Abbott, Henry G., History of the American Waltham Watch Company of Waltham, Mass, American Jeweler Print, 1905.
De Fazio, Thomas L. The Nashua Venture and the American Watch Company. Bulletin of the National Association of Watch and Clock Collectors, Inc., December 1975, pgs 575-589, Columbia, PA.
Erhardt, Roy, Waltham Pocket Watch Identification and Price Guide, Heart of America Press, Kansas City, MO, 1976.
Erhardt, Roy and William "Bill" Meggers Jr., American Pocket Watches: Identification and Price Guide Beginning to End, Heart of America Press, Kansas City, MO, 1987.
Harold, Michael C. American Watchmaking: A Technical History of the American Watch Industry 1850-1930. A supplement to the Bulletin of the National Association of Watch and Clock Collectors, Inc., Number 14, Spring 1984, Columbia, PA.
Tom McIntyre and Whit Joyner, The Waltham 1870 Model. Bulletin of the National Association of Watch and Clock Collectors, Inc., July/August 2012, pgs 339-351, Columbia, PA.
The Perfected American Watch, American Waltham Watch Company, Waltham Mass., 1900.
The Story of the Waltham Watch, with Retail Selling Prices, Waltham Watch Coompany, Waltham Mass., 1923.
1 By the early-1890's new watches entering railroad service were required to be adjusted to isochronism, temperature and position on a growing number of railroads that required watch inspection. In creating watch standards for the Lake Shore & Michigan Southern Railway Co. Webb C. Ball, Chief Inspector of Watches, on August 15, 1891 indicated the standard adopted by the Company for its employes' watches now in service is one is equal to what is generally known among American movements as the "15-jewels, Patent Regulator, adjusted." Ball indicated this quality of movement "is represented by the Elgin Raymond and No. 70, by the Waltham No. 35 and Crescent Street, by Hampden Perry and Railway, Nos 59 and 60, by the Howard 'Gilt Heat and Cold,' and all grades above those named." Other railroads, including the Illinois Central Railroad Co. in 1892 continued to accept "American movements as fifteen-jewel, patent regulator, adjusted to heat and cold, the variation of which must not exceed 30 seconds per week." By the mid-1890's 18-size, 17-jewel pocket watches adjusted to positions dominated sales for railroad service.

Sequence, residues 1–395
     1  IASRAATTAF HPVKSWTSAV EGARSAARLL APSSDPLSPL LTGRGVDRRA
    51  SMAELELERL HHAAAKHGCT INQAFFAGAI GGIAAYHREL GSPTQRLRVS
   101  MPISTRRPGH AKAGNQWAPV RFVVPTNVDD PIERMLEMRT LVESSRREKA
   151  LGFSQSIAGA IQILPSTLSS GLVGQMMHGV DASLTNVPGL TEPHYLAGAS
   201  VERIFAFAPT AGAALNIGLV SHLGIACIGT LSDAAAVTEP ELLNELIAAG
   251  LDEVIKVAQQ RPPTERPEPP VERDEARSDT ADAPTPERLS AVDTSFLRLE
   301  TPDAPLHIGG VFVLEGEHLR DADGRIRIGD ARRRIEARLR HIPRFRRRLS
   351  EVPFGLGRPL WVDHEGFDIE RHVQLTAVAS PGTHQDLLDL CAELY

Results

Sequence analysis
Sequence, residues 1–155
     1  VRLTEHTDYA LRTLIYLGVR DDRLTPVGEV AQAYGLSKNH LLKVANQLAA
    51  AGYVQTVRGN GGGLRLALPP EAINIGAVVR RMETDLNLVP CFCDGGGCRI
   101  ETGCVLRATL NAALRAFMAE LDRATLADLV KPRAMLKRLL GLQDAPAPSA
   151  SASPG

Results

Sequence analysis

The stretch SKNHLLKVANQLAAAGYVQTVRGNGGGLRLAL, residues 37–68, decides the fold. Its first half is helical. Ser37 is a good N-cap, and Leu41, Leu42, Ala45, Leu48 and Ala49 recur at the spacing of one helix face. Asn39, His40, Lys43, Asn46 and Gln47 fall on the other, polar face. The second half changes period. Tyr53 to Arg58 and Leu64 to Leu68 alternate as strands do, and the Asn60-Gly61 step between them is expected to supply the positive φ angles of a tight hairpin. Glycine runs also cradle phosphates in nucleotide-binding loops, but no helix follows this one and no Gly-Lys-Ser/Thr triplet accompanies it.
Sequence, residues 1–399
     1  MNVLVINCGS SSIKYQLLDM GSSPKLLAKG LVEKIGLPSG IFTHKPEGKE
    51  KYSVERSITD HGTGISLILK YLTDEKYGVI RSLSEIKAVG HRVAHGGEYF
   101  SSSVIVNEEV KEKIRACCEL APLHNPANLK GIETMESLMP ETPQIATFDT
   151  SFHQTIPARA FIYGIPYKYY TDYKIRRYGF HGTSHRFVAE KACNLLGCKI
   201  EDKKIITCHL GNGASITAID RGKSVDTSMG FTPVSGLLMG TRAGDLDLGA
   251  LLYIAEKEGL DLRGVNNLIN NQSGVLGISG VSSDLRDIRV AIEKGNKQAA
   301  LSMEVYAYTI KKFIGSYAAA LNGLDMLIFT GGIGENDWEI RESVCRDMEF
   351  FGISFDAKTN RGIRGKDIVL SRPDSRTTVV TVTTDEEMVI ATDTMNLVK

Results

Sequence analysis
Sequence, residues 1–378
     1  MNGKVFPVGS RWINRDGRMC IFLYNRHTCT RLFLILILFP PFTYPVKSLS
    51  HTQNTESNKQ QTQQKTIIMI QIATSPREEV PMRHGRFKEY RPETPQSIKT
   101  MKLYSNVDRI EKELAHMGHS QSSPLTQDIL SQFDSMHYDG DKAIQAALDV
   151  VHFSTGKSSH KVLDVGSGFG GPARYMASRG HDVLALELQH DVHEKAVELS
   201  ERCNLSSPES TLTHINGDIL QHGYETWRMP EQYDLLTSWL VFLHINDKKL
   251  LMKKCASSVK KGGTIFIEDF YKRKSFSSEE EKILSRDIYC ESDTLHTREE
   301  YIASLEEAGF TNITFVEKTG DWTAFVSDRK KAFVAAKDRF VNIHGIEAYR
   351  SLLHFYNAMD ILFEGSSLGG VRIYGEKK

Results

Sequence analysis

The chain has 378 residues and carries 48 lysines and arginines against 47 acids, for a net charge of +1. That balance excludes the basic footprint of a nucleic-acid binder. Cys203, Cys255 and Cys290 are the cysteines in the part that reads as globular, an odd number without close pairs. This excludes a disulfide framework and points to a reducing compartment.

2 Most major railroads and some interurban electric railways had raised the minimum requirement to 5 positions for new watches entering service 1906-1908. After that time 17-jewel watches adjusted to 3 and 4 positions were often advertised for electric railway service, they were only accepted for service on a limited number of railroads., Similarly, pendant-set watches were commonly accepted for railroad service until 1906-1908.
3 The Riverside name was subsiquently applied to Waltham's 16-size 21-jewels grade No. 1621 which lacked a patent micrometric regulator and was only adjusted to temperature, it did not meet the published requirements of the major railroads.